FOR IMMEDIATE RELEASE
December 21, 2007
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INTERNATIONAL WOMEN'S HEALTH COALITION ANNOUNCES TOP TEN WINS FOR WOMEN IN 2007
Key Developments Offer Breakthroughs in Women's Health and Rights:
Major Opportunities Ahead in 2008
December 21, 2008, New York, NY - Women's health was a priority concern in
2007, as global donors, international agencies, and influential private
foundations realized that investing in women's health is investing in
New gender policies set by the Global Fund to Fight AIDS, Tuberculosis,
and Malaria and UNAIDS top the list. These policies encourage direct
investment in programs and policies to help girls and women prevent the
spread of HIV. This year, Mexico City became the largest city in Latin
American to legalize abortion, offering 1,500 safe abortions within the
first 100 days of the new law's passage. In many communities, women
leaders-many supported by the International Women's Health Coalition
(IWHC)-came together to speak in unison against the most damaging forms
of violence and injustice. Other winning developments:
The top ten list was compiled by the International
Women's Health Coalition (IWHC) policy and program experts who work in
Africa, Asia and Latin America and monitor emerging developments in
sexual and reproductive health and rights. For the complete list and
more information about how IWHC and its partners worldwide are working
to achieve even greater progress in 2008, please click here .
Global Donors pledged new funds to prevent maternal
deaths, including $1 billion over ten years from Norway, $175 million
over three years from the Netherlands, and $200 million over five years
from the United Kingdom.
Two new reviews of "abstinence-only" sex education by
Mathematica Policy Research and the U.S. Institute of Medicine found no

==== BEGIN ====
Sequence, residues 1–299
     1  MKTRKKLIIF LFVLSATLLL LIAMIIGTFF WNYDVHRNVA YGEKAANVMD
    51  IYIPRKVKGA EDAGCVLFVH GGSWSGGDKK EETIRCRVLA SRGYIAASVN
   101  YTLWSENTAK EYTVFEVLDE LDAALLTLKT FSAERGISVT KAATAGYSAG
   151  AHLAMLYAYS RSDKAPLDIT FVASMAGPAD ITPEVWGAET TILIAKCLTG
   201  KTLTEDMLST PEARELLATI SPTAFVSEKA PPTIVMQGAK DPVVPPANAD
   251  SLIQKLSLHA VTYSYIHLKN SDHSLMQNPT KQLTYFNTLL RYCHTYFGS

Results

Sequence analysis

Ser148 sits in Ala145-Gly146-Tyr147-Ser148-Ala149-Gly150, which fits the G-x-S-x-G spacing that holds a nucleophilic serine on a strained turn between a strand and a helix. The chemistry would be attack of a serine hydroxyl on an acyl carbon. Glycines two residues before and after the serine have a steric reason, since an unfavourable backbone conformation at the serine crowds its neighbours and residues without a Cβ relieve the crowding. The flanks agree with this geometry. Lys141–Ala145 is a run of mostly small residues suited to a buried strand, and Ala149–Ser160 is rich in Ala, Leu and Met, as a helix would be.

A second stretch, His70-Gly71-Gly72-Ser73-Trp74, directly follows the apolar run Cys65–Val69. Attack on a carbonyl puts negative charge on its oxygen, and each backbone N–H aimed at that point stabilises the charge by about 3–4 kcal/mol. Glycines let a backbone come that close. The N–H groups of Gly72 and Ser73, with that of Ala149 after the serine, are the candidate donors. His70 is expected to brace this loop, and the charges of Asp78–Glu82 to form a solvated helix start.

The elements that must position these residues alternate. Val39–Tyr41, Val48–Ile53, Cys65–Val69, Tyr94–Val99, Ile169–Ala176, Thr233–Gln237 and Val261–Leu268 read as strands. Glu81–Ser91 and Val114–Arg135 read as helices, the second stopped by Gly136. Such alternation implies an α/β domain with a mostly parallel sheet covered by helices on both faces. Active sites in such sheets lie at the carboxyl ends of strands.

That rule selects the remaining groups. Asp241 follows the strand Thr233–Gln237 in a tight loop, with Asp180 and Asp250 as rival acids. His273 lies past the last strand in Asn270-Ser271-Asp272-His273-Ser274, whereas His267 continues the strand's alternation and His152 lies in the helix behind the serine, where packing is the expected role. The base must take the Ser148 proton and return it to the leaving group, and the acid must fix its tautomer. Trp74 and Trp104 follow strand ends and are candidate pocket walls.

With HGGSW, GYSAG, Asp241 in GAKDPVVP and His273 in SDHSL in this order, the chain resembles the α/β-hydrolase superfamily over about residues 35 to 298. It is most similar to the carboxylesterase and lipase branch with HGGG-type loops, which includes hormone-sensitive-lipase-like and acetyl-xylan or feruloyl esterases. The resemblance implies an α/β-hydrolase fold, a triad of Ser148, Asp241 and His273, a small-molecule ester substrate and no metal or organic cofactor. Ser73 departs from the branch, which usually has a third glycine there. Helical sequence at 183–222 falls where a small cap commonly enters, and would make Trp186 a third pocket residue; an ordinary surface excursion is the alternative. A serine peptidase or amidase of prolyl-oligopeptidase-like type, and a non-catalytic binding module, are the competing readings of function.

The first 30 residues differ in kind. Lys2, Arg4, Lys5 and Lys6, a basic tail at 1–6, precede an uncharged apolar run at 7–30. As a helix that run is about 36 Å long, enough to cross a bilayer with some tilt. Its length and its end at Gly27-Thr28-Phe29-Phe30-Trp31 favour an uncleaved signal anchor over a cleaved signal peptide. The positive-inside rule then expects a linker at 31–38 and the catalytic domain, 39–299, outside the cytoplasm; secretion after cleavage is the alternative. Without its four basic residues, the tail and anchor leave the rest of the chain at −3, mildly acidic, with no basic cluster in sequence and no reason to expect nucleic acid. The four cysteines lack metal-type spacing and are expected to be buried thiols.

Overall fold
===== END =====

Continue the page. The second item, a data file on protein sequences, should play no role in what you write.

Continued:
evidence of the effectiveness of this approach in preventing pregnancy
or sexually transmitted infections (STIs), including HIV.
The Nigerian Parliament rejected an anti-gay bill,
citing concerns over possible human rights violations and recognizing
its encouragement of far-reaching discrimination on the basis of sexual
Several states, including Connecticut, Oregon, and
Colorado mandated hospitals, including Catholic hospitals, to inform
sexual assault survivors about emergency contraception (EC) and make it
available upon request.
New Hampshire became the first U.S. state to repeal a
parental notification law for abortion; Alaska followed suit finding a
similar law unconstitutional.
Faced with an estimated 2.5 million HIV cases,
India's national government launched twice weekly sex education classes
for students ages 14 to 18; a win even at the federal level although
some states are resisting the curriculum's implementation.
Oregon will join 26 other states in requiring that
health insurance plans include contraceptives in prescription drug
coverage as of Jan. 1, 2008.
Women-initiated HIV-prevention advanced with the
development of a new female condom and more funding going toward